Nicaraguan Roman Catholic priest Father Miguel d’Escoto, President Daniel Ortega’s top foreign policy advisor, took the helm last week as president of the 63rd U.N. General Assembly by calling for a democratization of the global body and accusing some of the five members of the permanent Security Council of having an “addition to war.”
In his opening address of the 63rd annual session of the General Assembly Sept. 16, d’Escoto, 75, said, “The state of our world today is deplorable, inexcusable and, therefore, shameful. What Tolstoy denounced as ‘mad selfishness’ explains why, as trillions of dollars are spent on wars of aggression, more than half the world’s people languish in hunger and destitution. Our priorities, sisters and brothers, could hardly be more confused.”
Born in Los Angeles, California, in 1933, d’Escoto spend his childhood years in Nicaragua before returning to the United States to enter New York City’s Maryknoll Seminary, where he was ordained a priest in 1961. In the 1980s he served as the revolutionary Sandinista government’s foreign minister and was always an outspoken critic of U.S. President Ronald Reagan, even after he died, calling him the “butcher of my people.”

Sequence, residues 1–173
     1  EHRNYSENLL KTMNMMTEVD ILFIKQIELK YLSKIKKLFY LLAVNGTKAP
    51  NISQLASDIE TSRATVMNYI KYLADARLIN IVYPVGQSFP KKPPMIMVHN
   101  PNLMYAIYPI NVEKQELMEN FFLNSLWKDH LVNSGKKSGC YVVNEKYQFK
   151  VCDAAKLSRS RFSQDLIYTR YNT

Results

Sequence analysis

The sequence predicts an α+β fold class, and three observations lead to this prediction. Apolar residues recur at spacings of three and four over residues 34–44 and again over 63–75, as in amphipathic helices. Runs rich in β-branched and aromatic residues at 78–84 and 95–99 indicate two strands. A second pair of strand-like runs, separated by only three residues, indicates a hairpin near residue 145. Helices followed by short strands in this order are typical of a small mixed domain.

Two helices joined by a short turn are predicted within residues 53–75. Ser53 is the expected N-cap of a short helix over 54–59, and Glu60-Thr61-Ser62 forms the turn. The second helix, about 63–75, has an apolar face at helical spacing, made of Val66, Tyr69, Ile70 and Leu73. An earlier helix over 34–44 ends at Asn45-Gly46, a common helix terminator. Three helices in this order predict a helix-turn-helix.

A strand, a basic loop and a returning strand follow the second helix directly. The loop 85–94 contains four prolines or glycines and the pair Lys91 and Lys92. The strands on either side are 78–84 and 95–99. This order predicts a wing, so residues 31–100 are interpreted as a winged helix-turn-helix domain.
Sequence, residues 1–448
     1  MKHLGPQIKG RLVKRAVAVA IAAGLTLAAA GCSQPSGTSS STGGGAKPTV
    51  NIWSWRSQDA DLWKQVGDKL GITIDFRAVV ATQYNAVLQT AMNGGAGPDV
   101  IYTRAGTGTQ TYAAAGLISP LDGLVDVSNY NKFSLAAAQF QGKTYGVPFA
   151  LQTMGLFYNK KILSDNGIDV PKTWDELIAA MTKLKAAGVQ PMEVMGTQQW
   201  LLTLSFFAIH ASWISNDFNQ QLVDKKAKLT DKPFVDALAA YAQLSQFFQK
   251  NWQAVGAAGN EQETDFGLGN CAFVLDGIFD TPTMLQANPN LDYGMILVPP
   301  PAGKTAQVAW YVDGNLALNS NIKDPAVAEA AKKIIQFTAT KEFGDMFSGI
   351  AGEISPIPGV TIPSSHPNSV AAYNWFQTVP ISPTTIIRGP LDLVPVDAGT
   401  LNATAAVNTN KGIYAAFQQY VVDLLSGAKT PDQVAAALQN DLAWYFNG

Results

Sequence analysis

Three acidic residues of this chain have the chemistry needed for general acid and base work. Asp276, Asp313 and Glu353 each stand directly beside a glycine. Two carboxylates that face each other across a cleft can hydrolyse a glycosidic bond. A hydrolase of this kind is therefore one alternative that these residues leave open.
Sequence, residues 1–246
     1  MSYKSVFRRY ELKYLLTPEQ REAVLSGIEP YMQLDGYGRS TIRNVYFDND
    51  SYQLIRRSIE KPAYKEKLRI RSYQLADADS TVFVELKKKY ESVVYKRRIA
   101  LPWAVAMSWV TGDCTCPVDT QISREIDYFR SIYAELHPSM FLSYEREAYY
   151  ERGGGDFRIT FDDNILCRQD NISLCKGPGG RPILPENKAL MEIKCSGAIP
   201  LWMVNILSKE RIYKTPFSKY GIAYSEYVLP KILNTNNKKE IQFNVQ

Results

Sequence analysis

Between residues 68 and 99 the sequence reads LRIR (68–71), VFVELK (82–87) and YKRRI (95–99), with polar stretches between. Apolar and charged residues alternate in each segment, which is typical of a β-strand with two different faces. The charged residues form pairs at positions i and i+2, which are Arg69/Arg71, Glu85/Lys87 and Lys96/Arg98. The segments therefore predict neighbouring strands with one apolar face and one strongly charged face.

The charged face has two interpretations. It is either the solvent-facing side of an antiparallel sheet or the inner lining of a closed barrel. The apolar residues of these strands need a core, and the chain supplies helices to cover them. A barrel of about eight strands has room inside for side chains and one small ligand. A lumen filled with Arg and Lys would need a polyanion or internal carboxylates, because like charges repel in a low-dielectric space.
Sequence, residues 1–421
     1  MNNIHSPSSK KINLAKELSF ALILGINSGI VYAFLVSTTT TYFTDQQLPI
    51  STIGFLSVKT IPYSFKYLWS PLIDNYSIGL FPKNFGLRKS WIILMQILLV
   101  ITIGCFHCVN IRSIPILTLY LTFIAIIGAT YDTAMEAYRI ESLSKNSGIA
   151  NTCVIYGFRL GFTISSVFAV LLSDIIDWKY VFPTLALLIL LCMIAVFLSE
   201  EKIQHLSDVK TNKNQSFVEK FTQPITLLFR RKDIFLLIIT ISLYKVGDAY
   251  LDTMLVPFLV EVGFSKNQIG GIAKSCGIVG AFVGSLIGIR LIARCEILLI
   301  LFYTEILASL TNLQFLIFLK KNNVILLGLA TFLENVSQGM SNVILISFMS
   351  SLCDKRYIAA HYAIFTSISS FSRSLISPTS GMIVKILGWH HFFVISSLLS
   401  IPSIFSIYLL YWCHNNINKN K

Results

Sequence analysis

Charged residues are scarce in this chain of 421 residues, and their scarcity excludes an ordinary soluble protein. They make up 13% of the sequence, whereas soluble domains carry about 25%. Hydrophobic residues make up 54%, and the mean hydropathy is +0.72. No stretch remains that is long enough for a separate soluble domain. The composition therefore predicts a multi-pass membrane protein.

D’Escoto is still one of Ortega’s closest advisors and holds the rank of minister in the president’s cabinet. Foreign diplomats have told The Nica Times, on the condition of anonymity, that d’Escoto is still the power behind Nicaragua’s foreign policy, and that reaching an agreement with the Ortega government means first convincing Father d’Escoto.
Nicaraguan political analyst Luis Humberto Guzmán says he thinks d’Escoto’s election as president to the U.N. General Assembly will help bring more international attention to the Sandinista government in Nicaragua.
“I think this is not only an important recognition of the Sandinista government from the 1980s, but it’s also a positive for the new government,” Guzmán told The Nica Times this week.